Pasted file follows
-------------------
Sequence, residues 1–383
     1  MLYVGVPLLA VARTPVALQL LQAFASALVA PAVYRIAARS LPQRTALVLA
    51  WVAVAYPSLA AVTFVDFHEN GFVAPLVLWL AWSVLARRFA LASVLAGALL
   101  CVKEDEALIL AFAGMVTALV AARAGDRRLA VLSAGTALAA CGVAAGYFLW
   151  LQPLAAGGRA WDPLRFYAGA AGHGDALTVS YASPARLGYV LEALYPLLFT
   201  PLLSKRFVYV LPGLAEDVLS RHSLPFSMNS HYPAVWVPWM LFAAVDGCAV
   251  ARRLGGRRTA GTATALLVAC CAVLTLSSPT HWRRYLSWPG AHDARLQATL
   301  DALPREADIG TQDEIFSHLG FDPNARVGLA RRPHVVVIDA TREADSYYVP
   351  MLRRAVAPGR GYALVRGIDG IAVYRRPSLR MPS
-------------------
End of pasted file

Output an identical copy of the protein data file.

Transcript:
Sequence, residues 1–383
     1  MLYVGVPLLA VARTPVALQL LQAFASALVA PAVYRIAARS LPQRTALVLA
    51  WVAVAYPSLA AVTFVDFHEN GFVAPLVLWL AWSVLARRFA LASVLAGALL
   101  CVKEDEALIL AFAGMVTALV AARAGDRRLA VLSAGTALAA CGVAAGYFLW
   151  LQPLAAGGRA WDPLRFYAGA AGHGDALTVS YASPARLGYV LEALYPLLFT
   201  PLLSKRFVYV LPGLAEDVLS RHSLPFSMNS HYPAVWVPWM LFAAVDGCAV
   251  ARRLGGRRTA GTATALLVAC CAVLTLSSPT HWRRYLSWPG AHDARLQATL
   301  DALPREADIG TQDEIFSHLG FDPNARVGLA RRPHVVVIDA TREADSYYVP
   351  MLRRAVAPGR GYALVRGIDG IAVYRRPSLR MPS